. . Super Reviewer
  • Feb 26, 2017
    Hard to watch at times, brutal, and thought provoking too. This film shows the dangers of landmines and how costly war can be.
    Ian W Super Reviewer
  • Feb 11, 2017
    DAS HURT LOCKER - My Review of LAND OF MINE (3 Stars) One of this year's Academy Award nominated Foreign Language films has repurposed its title for certain audiences and it has left me baffled. Originally called UNDER SANDET (translation: UNDER THE SAND), the story of post WW2 German soldiers held as prisoners of war until they can clear the mines they had planted along Denmark's west coast, the U.S. version bears the title: LAND OF MINE. Seriously? That's the sort of bad pun my readers have come to expect from my review titles, but its use here undermines a serious yet flawed piece of filmmaking. Writer/Director Martin Zandvliet, along with his cinematographer Camilla Hjelm bring a sweeping, widescreen beauty to this harrowing, deeply felt, excruciating story. On a remote, sandy coastline, Danish Sgt. Sgt. Carl Rasmussen (a very good Roland Møller), oversees a small troupe of mostly Aryan teenage prisoners. He brutalizes and starves them while demanding they work faster and faster to defuse the mines. His lack of warmth feels appropriate considering the horrors the Nazis brought to his homeland, but the film keeps reminding us of the prisoners' innocence, or at the very least, their lack of ideology. More on that later. For much of the running time, we helplessly watch, knowing that at any moment a mine will surely explode. Think of it as THE HURT LOCKER with lesser technology and more blonde hair. Taking a page from Alfred Hitchcock's manual of suspense, Zandvliet builds intense dread as these kids crawl along the beach poking beneath the sand with sticks. Because we know what lies beneath, it's impossible not to watch this film with at least one hand covering your face. I almost walked out during several key moments, unsure that I could take it anymore. The seriousness of the subject matter and the fine performances all around, however, convinced me to stay. But man is it rough to watch a bomb tear apart a person. In one scene, Rasmussen slaps the shit out of one of the kids, who seems to simultaneously laugh and cry over his beating. In others, the sergeant acts very tenderly towards his charges. He even laughs when one of the soldiers, in a very movie star quality performance by Louis Hofmann, fakes him out with a bomb noise, which seems wildly inappropriate, but #gallowshumor, right? Rasmussen's mixed feelings echo the themes of the film. How can we reconcile our warm feelings for these kids knowing what their fellow soldiers, or perhaps even they themselves, did during the war? Unfortunately, Zandvliet eschews this political conundrum in favor of the sentimental "people are people" theme. I kept thinking how much richer this film would have been if some of the kids still espoused anti-semitic feelings or if we learned that some had committed crimes against humanity. Instead, we learn of their post-war hopes and dreams of rebuilding Germany and getting on with their lives. We delight in their playing soccer on the beach and we sympathize with them when they go without food. This lack of complexity prevents the film from truly soaring to another level. It's fine, suspenseful, gut-wrenching filmmaking, but its point of view left me confused. Yes, it's entirely possible that many German soldiers had little choice but to serve. I understand how under Hitler's dictatorship, the citizens had to follow orders, but his ascendancy came from a groundswell of public sentiment. Hell, half of our own country supports the actions of a President the other half despises, and yet we're all responsible, in a way, for his rise to power. In one particularly, harsh scene, a group of British soldiers beat up and urinate all over one of the prisoners. He takes the humiliation, we're led to think, in the manner of Jesus dying for our sins. He gets it. The Nazis sucked. They had it coming. LAND OF MINE, however, hedges its bets by wanting us to forget about such vengeful feelings and hope that acts of kindness lay the groundwork for a better future. A wonderful thought, if only life were so simple. This good film could have achieved greatness had it given us that extra layer of painting one or two of its prisoners as Nazi sympathizers. Still, this missed opportunity merits a look, a cowered look, but a look nonetheless.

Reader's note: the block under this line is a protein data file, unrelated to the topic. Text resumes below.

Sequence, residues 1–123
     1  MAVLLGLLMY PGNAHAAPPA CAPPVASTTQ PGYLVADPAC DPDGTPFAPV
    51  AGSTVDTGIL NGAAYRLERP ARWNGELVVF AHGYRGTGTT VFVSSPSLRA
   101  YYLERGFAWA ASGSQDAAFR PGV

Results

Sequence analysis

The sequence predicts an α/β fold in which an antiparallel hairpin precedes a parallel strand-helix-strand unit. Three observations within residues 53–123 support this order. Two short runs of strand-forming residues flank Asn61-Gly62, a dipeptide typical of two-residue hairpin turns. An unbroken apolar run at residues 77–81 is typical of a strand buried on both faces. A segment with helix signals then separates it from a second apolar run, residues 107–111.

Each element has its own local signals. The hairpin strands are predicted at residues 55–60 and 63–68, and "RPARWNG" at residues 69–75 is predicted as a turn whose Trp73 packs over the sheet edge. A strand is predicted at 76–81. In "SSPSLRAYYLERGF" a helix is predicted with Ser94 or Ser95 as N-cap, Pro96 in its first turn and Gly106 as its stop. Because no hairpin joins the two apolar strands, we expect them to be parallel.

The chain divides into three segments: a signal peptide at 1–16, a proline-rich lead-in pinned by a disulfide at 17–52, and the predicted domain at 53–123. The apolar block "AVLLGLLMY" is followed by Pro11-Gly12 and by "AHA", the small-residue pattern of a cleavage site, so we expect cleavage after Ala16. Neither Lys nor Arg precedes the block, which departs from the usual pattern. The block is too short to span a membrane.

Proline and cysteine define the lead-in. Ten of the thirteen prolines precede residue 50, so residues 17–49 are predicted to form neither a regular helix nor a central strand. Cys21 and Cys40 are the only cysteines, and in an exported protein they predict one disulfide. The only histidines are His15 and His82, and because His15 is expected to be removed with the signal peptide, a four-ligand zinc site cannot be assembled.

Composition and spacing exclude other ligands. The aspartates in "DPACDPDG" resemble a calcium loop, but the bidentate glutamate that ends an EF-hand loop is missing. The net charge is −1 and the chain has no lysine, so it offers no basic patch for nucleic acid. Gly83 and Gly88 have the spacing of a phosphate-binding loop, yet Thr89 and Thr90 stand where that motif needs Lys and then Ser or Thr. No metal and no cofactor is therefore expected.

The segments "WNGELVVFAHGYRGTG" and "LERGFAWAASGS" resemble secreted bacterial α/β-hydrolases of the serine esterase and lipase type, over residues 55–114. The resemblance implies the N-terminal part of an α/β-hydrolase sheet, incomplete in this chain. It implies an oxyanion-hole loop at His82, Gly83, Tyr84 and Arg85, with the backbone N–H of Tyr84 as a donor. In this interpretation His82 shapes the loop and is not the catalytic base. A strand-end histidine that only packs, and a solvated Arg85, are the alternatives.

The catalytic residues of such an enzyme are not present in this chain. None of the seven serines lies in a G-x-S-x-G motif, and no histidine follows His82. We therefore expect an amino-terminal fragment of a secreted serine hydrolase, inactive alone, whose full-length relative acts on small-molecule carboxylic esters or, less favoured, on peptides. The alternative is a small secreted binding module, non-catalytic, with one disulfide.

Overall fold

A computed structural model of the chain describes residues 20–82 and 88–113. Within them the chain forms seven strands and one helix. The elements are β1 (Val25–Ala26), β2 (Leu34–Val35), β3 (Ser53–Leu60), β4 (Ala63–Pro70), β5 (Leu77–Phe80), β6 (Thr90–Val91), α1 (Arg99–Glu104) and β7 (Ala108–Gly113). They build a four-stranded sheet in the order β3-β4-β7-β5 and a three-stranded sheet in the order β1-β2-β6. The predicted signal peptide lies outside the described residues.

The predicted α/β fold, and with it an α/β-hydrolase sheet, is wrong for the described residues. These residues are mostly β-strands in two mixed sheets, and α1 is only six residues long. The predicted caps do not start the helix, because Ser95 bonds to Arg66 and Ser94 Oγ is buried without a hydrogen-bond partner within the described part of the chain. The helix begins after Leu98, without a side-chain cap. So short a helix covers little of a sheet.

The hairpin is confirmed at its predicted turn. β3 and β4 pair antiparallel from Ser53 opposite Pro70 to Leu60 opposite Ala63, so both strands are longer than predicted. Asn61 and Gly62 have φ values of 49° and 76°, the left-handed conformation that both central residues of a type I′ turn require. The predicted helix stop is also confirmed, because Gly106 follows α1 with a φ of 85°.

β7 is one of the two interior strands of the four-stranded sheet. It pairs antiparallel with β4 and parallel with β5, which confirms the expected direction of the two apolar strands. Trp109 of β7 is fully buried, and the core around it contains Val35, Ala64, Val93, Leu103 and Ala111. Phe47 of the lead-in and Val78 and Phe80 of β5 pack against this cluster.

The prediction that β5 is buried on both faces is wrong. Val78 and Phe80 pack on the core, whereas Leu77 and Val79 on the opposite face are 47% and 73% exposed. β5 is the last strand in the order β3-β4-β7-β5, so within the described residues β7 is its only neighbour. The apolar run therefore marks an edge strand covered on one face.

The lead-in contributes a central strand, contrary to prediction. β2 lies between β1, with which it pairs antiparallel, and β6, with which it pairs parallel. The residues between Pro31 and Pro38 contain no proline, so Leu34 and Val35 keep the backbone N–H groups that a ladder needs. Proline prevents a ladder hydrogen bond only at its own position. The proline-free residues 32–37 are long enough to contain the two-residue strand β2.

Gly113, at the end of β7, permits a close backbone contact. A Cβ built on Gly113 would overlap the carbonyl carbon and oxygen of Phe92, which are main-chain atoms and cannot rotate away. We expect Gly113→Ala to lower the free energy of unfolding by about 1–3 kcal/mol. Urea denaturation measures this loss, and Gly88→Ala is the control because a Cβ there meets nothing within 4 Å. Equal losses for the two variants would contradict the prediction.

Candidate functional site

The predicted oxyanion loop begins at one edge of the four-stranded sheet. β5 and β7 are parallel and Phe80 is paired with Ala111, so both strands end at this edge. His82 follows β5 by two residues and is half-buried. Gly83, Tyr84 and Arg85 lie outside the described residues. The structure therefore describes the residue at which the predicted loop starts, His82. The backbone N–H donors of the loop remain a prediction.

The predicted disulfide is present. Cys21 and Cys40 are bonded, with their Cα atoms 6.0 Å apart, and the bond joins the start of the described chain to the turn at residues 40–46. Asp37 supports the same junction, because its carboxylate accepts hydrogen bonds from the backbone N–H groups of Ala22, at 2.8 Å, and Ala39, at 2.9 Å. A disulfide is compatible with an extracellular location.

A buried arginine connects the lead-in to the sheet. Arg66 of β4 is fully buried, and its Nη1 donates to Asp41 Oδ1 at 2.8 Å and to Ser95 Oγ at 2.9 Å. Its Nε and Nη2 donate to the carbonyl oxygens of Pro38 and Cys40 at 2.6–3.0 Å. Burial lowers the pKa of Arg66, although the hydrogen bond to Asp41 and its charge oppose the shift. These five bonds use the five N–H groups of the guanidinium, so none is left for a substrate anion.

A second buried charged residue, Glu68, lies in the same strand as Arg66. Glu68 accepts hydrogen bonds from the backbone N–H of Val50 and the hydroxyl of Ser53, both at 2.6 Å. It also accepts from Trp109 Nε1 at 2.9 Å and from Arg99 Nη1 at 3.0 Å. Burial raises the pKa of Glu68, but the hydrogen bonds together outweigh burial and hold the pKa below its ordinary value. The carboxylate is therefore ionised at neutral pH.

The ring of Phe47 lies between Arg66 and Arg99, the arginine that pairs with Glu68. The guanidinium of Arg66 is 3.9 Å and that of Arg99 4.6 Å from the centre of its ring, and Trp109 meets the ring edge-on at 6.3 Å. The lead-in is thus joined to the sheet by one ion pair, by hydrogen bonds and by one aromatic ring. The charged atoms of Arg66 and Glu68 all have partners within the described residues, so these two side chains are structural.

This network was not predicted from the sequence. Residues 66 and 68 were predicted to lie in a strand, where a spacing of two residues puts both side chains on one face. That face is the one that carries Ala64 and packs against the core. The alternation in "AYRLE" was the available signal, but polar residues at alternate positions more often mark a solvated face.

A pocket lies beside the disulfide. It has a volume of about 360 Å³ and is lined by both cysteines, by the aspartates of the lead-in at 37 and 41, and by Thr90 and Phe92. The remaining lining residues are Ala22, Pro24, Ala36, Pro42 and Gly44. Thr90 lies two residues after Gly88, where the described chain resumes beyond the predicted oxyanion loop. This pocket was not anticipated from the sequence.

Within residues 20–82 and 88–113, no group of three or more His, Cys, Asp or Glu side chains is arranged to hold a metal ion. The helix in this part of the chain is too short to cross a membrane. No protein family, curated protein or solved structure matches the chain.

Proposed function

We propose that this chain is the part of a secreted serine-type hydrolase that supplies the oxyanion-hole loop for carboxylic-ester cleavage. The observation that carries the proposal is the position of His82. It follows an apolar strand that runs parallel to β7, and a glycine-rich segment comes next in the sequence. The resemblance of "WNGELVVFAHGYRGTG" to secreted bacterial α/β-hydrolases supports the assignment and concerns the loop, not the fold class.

Glenn G Super Reviewer